For North Koreans in particular, all politics is personal, and starts at the top with the Supreme Leader. When I was in Pyongyang in January, North Koreans reflected a “wait and see” posture toward Park, but they seemed inclined to give the benefit of the doubt to her claims of wanting to improve relations for one simple reason—her 2002 visit to Pyongyang when she shook hands and talked at length with their Dear Leader Kim Jong Il. North Korean interlocutors brought her visit up on a number of occasions as evidence that she is serious about engagement.
North Koreans probably also assess that as a conservative, Park can do a more effective job than a liberal of maintaining political and social consensus behind inter-Korean cooperation, on the “only Nixon could go to China” principle (the same dynamic may be at work in Pyongyang’s efforts to make progress on the abduction issue with Shinzo Abe).
Finally, North Koreans begrudgingly respect her father Park Chung-hee’s achievements—indeed, there have been rumors of North Koreans studying the lessons of the elder Park’s model of developmental dictatorship. Due to her peculiar family history, including the tragedy of her mother’s assassination by a North Korean sympathizer, Park seems to care more deeply about inter-Korean relations. In contrast to her predecessor Lee Myung-bak, a former Hyundai CEO more interested in strengthening the US alliance and rebranding the South in terms of “global Korea,” Park seems to have a passion for healing Korean wounds.
Trust Building and Economic Construction
In addition to this assessment of the new South Korean leader, the DPRK may be serious about improved relations for its own strategic reasons. The post-Kim Jong Il leadership has consistently signaled a commitment to improving the “people’s economy.” As James Church observed, Kim Jong Un ascended to high office with the promise “not make the people tighten their belts again,” and chided Party officials for their “outdated ideological point of view” in economic management, telling them to be more “creative and enterprising.” Economic policy experimentation at the local levels in agriculture and industry has been carried out since last year, as confirmed recently by DPRK Academy of Social Sciences economist Ri Ki Song. On my last visit to Pyongyang, officials explained that the key message of Respected Leader Kim Jong Un’s recent New Years Address was his call to “put all our efforts into economic development.” Even at the height of military tensions this spring, Kim Jong Un held a special Central Committee meeting on March 31 at which he proclaimed a new “strategic line” of simultaneously strengthening nuclear deterrence and promoting “economic construction.” The same day, technocrat Pak Pong Ju was promoted to the Politburo and on the following day named premier, taking up the position that Kim has insisted should have the lead role over the national economy.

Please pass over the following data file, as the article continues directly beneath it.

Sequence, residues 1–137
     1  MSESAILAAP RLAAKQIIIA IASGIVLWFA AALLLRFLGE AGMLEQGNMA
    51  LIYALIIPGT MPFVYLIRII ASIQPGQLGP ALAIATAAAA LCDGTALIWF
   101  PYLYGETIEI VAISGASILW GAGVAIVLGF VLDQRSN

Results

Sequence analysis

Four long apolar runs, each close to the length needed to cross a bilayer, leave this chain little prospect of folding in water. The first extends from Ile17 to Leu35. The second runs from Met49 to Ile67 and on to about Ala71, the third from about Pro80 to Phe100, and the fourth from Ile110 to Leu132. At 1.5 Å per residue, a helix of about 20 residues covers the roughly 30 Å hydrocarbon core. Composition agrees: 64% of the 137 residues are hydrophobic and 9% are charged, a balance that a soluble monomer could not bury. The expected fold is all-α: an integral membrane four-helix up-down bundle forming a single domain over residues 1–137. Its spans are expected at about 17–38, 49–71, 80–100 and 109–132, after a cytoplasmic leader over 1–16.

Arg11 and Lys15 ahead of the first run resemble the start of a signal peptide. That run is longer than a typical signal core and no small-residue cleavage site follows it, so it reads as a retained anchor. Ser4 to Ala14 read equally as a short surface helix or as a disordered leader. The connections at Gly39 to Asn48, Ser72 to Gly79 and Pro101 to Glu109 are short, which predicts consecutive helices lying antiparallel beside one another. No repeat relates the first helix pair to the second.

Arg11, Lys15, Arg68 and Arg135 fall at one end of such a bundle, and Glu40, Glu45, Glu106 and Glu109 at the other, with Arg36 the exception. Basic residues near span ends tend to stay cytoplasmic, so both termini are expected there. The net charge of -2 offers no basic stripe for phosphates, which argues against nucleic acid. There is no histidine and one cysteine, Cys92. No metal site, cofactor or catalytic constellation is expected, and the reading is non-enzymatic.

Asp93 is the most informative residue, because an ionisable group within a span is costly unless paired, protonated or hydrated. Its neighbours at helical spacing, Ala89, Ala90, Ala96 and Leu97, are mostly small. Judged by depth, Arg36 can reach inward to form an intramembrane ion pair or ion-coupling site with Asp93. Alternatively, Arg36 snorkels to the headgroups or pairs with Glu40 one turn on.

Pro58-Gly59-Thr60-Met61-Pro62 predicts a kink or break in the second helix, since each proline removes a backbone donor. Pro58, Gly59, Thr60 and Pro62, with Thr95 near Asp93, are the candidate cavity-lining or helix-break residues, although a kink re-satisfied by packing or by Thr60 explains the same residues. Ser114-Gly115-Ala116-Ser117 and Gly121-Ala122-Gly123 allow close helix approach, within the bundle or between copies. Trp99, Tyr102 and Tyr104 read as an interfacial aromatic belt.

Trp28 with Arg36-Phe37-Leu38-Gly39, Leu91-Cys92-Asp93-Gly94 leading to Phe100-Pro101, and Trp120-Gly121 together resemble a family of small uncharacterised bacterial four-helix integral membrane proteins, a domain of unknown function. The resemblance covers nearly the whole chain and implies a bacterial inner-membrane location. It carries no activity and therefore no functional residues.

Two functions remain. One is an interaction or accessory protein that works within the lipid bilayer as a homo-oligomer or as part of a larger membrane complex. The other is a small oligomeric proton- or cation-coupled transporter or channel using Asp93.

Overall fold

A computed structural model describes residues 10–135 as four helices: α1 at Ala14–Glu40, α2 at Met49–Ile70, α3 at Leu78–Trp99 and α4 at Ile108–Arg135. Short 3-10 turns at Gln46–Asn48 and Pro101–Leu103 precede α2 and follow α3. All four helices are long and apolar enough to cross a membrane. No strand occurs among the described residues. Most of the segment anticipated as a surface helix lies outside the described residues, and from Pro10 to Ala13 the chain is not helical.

This is the larger strategic framework for the inter-Korean relationship: Kim’s legitimacy is tied to “economic construction,” and the North Korean leadership is trying to shift from strength alone to strength plus prosperity. At least some of Park’s advisors seem to understand that promoting mutual interests is a key engine for generating momentum toward more trust in the inter-Korean relationship, and therefore economic cooperation is the key to success for the trust building process.
For now, the pressing issue in inter-Korean relations is the fate of the Kaesong Industrial Complex. Pyongyang does not want to shutter Kaesong; they want to expand it. Original plans called for steady expansion of the zone to employ hundreds of thousands of workers by now, but growth hit a plateau as inter-Korean political relations deteriorated over the past five years. The argument that North Korea was looking for an excuse to shut the zone down due to fears of ideological subversion is dubious. Were that so, they would have closed it long ago. If anything, Kim Jong Un is less paranoid than his father about “spiritual pollution” that comes with prosperity—about the “flies that come in when you open the window,” as Deng Xiaoping so eloquently put it. Support for Kaesong remains strong in the South as well, and despite the obvious investment risks, South Korean businessmen are eager for a shot at cracking the North Korean market at Kaesong, Kumgangsan, and elsewhere—and worried they are losing it to Chinese competitors. Although North Korea reacted negatively toward Park’s idea of the “internationalization” of Kaesong, she is right to keep it on the agenda, since bringing non-Korean companies into the zone and expanding access for zone products on international markets is a smart and practical way to continue expansion. In the future, the Park administration should present internationalization as a vehicle for expansion, rather than as a way to make North Koreans feel pressure “to stick to agreements.”
A week ago, the two Koreas looked on the verge of forging a new relationship based on direct political dialogue. Now, they look stuck in the same rut of not knowing how to talk to one another even if they wanted to. Perhaps what is needed were backchannel conversations, beyond the spotlight of media attention and political pressures that “optics” generate. President Park probably enjoys the trust of her electorate to pursue that kind of quieter approach.
Meanwhile, the significant portion of South Korean civic society that craves improved relations with the North will not wait forever—especially “divided families” who are running out of time to meet their relatives separated by the Korean War. At some point, Park will have to make the decision whether or not she trusts South Korean people to restore humanitarian, civic, and economic ties to the North.
Park’s inter-Korean policy has the right diagnosis—the problem is the total absence of trust. Now it’s a question of whether North and South can handle the cure.